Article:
Expect 2022 polls to be 'more messy,' dirtier as COVID-19 pandemic persists, says expert

Katrina Domingo, ABS-CBN News

Posted at Feb 26 2021 11:18 AM

Expect 2022 polls to be 'more messy,' dirtier as COVID-19 pandemic persists, says expert 1
People line up at the Commission on Elections in Pasay City on the first day of voter’s registration, Sept. 1, 2020. George Calvelo, ABS-CBN News/File

MANILA - Vote buying and the proliferation of fake news are expected to worsen in the 2022 national elections as the Philippines elects new leaders against the backdrop of the COVID-19 pandemic, a political science expert said Wednesday.

Policies on keeping distance between individuals and other pandemic-related protocol during campaigns and election day push political operators to be "more subtle" in handing out bribes, Arjan Aguirre, a Political Science professor from the Ateneo de Manila University, said in an online forum.

"We are under this pandemic so people will still go out to vote, but the vote buying will be more subtle and more widespread," he said.

"It's not gonna be more visible," he said.

Smear campaigns may also gain traction online as some candidates will be forced to allocate more funds in cyber operations with voters still confined indoors because of the pandemic, he said.

"Itong fake news na ito mas magiging intense pa ito dahil dadaloy ang pera," Aguirre said.

(Fake news will be more intense because it will be boosted by funds.)

"Mas maraming online engagements [ngayong pandemic], mas maraming PR firms ang mag-e-emerge to work so mas madumi siya, mas messy," he said.

(There ae more online engagements during the pandemic, so more public relation firms will emerge to work so it will be dirtier, messier.)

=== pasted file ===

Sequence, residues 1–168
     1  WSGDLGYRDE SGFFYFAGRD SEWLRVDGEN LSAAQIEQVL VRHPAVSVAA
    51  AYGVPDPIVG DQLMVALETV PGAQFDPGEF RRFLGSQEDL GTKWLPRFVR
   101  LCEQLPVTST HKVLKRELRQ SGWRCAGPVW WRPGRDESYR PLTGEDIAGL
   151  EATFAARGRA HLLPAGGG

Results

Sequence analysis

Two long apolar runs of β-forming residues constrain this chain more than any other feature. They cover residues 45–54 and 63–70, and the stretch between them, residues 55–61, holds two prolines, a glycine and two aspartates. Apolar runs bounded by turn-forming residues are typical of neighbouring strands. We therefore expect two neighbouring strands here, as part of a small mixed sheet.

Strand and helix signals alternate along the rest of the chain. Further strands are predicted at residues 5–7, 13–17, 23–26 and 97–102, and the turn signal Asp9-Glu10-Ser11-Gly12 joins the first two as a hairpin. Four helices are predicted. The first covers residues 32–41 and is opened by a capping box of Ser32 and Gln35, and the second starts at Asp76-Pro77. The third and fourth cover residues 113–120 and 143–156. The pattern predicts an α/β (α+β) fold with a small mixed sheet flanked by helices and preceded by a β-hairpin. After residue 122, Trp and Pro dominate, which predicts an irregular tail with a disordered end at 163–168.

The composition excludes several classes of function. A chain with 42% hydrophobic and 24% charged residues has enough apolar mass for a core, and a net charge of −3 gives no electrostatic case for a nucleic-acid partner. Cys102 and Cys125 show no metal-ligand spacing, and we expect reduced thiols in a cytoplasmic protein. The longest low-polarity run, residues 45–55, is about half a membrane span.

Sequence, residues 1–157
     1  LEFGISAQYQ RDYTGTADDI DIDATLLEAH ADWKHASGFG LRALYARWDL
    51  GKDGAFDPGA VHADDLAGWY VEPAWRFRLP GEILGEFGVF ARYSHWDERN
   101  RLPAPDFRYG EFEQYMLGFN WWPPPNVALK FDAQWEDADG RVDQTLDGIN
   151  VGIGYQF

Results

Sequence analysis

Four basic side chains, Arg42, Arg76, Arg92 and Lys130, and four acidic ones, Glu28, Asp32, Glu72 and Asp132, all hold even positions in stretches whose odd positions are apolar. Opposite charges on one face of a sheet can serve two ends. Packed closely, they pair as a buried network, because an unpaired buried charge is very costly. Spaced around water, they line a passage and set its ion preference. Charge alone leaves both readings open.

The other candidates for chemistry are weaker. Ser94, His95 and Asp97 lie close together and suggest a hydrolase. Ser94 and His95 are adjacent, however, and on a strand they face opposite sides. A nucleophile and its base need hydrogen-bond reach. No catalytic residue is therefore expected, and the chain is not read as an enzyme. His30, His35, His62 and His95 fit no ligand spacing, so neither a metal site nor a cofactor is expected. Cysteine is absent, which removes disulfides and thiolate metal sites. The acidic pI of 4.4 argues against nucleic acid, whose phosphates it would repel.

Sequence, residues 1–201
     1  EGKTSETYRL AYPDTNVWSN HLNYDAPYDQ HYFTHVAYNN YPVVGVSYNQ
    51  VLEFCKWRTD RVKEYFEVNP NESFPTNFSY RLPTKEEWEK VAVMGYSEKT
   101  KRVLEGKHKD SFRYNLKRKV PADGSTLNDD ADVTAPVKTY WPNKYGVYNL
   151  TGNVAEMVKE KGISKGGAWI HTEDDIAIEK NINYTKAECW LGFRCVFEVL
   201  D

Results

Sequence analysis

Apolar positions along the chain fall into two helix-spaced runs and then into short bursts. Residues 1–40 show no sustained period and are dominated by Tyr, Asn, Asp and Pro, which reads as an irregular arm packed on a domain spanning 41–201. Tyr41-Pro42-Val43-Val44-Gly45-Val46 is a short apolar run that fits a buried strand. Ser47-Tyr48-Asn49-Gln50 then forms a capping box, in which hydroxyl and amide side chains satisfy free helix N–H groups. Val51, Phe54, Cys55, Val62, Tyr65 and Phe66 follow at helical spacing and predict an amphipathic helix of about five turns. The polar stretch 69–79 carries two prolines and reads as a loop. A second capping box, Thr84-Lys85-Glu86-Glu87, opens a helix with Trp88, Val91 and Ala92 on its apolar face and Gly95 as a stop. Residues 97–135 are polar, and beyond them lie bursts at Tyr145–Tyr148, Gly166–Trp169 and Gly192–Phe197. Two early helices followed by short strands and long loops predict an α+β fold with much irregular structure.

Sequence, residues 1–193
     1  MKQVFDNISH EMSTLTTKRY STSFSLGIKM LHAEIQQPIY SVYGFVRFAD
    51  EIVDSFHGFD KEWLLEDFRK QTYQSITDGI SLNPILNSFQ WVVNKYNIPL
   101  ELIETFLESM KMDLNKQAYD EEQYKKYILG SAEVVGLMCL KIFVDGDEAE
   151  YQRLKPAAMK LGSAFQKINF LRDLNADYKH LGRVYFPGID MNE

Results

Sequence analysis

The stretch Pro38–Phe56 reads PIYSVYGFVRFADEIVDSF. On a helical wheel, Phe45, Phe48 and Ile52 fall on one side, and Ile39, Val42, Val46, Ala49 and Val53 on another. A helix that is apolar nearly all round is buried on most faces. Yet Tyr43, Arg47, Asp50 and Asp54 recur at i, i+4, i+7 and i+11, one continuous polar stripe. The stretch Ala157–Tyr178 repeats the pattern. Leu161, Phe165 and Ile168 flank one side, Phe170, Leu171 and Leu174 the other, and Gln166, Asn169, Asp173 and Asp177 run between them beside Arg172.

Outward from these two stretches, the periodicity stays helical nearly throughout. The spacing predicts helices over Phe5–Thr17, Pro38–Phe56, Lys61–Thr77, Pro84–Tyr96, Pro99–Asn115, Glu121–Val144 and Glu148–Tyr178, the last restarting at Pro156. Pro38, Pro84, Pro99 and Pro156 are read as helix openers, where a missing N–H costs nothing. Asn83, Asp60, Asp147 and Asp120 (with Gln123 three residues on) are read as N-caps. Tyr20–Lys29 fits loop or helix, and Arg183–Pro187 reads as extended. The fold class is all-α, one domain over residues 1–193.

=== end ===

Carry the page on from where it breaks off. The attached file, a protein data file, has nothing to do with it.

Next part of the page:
Aguirre said institutions should "step up" to counter disinformation as the Philippines braces for the campaign and election season under a new normal.

"Ang Church ba magfa-fact check siya? Sasama ba siya sa traditional response?" he said.

"Will the Church be an actor, an institution that will really invite people to reflect on these issues that are being thrown in cyberspace?"


Voter education should be "reframed" to address new and existing issues in the electoral process, sociologist Jayeel Cornelio said.

"The poor - rural or urban - are often accused of not voting right or selling their votes and therefore are uncritical with their ballots," he said.

"These accusations are not really true because if you engage these communities in conversations, we realize they have a lot to say about this candidate or that candidate," he said.

"They know if this candidate is simply just taking advantage of them."

Voters from the marginalized sector also want to "have good leaders" but are operating on a different mindset based on "their own convictions, the sociologist said.

"We simply accuse them of being ignorant or stupid because they voted for candidates we do not agree with," he said.

Pro-democracy groups and academic institutions should remove impressions that the middle class are "more educated" than the masses when it comes to selecting leaders, Cornelio said.

"It's really those people who people who suffer from the effects of typhoons or disasters who know if their government is really working for or against them," he said.

"We should drop the idea that voter's education is about converting the poor so that they would support our candidates." 


Watch more on iWantTFC